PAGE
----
IBM Connections application development state of the union – part 6

Part 5 was about extensions/apps on-premises and this – probably final post – will be about extensions for IBM Connections Cloud. There are different ways to extend IBM Connections Cloud – one is to add links to the app menu and another is to add actual UI extensions to the applications within IBM Connections. This post is about the latter (although the observations about the administration UI applies to both). To get it out of the way from the beginning I might as well say it flat out. IBM has really missed the mark here. The extensibility mechanism for IBM Connections in Cloud is close to unusable from my point of view. Let me explain…

Basically the extension mechanism for cloud is an iframe and you may only extend Communities which is so wrong to begin with. As mentioned previously IBM Connections is a piece of social software that focus on people and not being able to extend Profiles is baffling to me. Using a clumsy UI in the administration portal you can upload a JSON file describing the extension which in turn will make the extension show up in the main UI. The smallest file I could make work is 34 lines of JSON but basically I could do away with 3 lines. Almost all of the JSON I upload is simply cruft that seems to carry over from the on-premises widget container and as I really cannot change it why should I specify it? In essence I can only change the following 3 parameters:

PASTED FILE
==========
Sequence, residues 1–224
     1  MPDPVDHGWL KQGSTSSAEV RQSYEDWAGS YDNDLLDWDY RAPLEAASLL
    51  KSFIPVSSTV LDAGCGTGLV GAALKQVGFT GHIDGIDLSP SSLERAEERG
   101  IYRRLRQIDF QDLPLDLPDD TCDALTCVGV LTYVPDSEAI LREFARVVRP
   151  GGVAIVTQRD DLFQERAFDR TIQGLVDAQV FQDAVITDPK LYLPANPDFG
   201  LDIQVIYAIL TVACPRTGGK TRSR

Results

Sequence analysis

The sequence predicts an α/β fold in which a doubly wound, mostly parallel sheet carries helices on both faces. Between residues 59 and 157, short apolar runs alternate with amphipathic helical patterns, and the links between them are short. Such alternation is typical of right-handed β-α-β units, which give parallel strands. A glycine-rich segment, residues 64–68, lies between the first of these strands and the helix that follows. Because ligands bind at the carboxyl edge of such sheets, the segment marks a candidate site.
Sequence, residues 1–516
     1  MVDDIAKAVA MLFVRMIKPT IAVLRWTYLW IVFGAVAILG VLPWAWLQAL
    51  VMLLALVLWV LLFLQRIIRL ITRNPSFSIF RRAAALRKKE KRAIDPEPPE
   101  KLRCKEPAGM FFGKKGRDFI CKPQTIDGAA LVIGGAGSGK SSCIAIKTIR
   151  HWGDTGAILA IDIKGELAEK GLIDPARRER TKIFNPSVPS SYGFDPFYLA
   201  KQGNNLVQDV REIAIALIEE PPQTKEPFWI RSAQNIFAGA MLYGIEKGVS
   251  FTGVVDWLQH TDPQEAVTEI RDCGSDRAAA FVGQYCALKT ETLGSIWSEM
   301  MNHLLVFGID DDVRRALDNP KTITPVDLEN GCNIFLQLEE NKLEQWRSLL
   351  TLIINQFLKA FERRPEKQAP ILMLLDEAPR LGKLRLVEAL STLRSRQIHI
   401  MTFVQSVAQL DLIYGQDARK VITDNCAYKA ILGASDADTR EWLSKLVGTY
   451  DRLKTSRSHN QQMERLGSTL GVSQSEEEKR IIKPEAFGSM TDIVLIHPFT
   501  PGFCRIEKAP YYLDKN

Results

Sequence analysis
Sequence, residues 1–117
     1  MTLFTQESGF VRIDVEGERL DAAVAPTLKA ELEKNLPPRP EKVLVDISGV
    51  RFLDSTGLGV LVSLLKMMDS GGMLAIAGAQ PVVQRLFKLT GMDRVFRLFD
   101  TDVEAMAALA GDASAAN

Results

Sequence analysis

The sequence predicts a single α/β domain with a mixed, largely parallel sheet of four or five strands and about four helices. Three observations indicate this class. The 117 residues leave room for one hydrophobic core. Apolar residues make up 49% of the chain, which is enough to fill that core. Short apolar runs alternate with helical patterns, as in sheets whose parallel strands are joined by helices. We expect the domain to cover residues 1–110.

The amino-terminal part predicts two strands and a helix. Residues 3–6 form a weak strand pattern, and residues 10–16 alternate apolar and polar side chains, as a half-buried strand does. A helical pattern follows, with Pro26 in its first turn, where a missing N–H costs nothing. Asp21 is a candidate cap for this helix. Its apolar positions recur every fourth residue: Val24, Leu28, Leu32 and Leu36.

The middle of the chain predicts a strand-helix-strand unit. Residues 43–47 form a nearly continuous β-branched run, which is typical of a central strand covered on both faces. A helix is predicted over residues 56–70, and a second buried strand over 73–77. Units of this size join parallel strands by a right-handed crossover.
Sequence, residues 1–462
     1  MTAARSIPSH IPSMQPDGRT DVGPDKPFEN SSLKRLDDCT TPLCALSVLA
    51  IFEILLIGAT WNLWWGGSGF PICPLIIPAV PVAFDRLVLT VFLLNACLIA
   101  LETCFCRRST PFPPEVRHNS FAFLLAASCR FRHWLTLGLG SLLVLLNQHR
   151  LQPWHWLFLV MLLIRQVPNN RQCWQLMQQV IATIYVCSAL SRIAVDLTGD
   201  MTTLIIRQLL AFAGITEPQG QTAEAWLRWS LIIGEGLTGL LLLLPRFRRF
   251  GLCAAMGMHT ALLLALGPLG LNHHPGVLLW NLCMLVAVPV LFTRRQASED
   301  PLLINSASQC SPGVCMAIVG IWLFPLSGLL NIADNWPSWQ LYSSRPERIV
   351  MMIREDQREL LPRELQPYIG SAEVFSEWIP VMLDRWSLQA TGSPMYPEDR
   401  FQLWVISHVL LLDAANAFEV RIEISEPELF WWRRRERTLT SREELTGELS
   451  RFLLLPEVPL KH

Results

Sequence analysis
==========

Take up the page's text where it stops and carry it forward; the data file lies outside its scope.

• defId – seems to be an ID of the widget
  • url – the URL to set into the iframe
  • height – the height of the iframe

Part of the JSON I upload is the widget ID. I have to specify the ID of the widget (defId) but there is no check whether it’s used. Using an already used ID is allowed but only one of the widgets with the same ID shows up which is an issue as this is an obvious copy/paste error on the users part. Also the widget is added to the community page using the defId as the title but shown in the administration UI using a “name” parameter from JSON which is pretty confusing. Part of the JSON I upload is also the actual iWidget that creates and builds the iframe. I can specify my own iWidget description and the only thing that makes it not work is the ajaxProxy rejecting it making the UI fail when users load the community page. There is no upload time check. Often times an invalid JSON file only makes the UI do nothing – there is no response as to what might be wrong.


Once the JSON is uploaded I get an iframe of a static height with a URL set into it. The height is one thing that makes this extension mechanism hard to work with for production apps. Often times the height of the content cannot be decided at deployment time but is only known at runtime and unfortunately there is no way to change the iframe height at runtime. At least nothing which is obvious and/or documented. But now we have an iframe set the URL specified in the application JSON. The iframe is sandboxed with the following policy: “allow-same-origin allow-scripts allow-popups allow-forms”. This restricts the extension and basically it may only do the following:

  • Run JavaScript
  • Make xhr requests to the server it was loaded from (same origin)
  • Open a new window/tab in the browser

There is no way for the widget to even talk to IBM Connections itself – not even the IBM Connections API. The widget may basically show static / server side generated HTML and run JavaScript. The JavaScript may make xhr requests to the server it was loaded from. That’s it.

When the widget loads it may ask the surrounding page for a widget context by registering a message listener and posting a message to the parent page (parent.postMessage). The context looks like this:

   "source": {
      "resourceId": "ff7dd8b4-95d6-4fb4-f094-edb52e5d8eee",
      "resourceName": "Some Community Title",
      "resourceType": "community",
      "orgId": "12345678"
   "user": {
      "userId": "87654321",
      "orgId": "12345678",